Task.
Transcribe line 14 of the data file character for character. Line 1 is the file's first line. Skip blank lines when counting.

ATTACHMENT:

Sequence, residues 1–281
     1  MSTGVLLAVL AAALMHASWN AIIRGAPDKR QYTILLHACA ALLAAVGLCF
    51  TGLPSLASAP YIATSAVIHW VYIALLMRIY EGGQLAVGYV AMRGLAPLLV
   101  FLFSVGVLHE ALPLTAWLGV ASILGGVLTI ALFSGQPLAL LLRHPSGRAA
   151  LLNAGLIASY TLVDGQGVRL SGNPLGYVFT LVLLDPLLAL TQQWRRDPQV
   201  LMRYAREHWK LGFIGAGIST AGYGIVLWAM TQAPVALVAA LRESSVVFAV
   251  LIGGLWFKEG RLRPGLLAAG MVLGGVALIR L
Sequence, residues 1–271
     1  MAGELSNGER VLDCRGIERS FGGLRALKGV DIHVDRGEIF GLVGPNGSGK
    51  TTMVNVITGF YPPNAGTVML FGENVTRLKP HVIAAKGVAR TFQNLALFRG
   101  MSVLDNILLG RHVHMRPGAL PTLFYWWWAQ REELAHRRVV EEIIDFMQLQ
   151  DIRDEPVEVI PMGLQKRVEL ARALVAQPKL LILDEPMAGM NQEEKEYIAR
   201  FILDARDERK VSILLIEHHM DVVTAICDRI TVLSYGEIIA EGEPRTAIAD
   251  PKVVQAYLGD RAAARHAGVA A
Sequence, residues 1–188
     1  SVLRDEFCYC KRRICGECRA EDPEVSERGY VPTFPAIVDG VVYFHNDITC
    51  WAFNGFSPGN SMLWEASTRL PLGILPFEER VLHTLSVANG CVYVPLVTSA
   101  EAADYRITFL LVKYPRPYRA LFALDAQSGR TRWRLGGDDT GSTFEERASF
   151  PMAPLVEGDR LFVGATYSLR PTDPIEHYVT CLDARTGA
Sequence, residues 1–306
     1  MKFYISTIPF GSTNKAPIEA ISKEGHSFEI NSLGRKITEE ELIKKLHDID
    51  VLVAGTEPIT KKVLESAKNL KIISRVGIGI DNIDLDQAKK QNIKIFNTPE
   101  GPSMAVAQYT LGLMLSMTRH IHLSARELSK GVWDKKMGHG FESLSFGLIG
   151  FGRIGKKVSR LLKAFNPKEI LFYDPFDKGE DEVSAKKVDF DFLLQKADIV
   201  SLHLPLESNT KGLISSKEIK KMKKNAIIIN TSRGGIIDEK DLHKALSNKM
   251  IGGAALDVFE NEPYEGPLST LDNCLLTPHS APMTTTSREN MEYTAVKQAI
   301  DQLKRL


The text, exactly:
   251  PKVVQAYLGD RAAARHAGVA A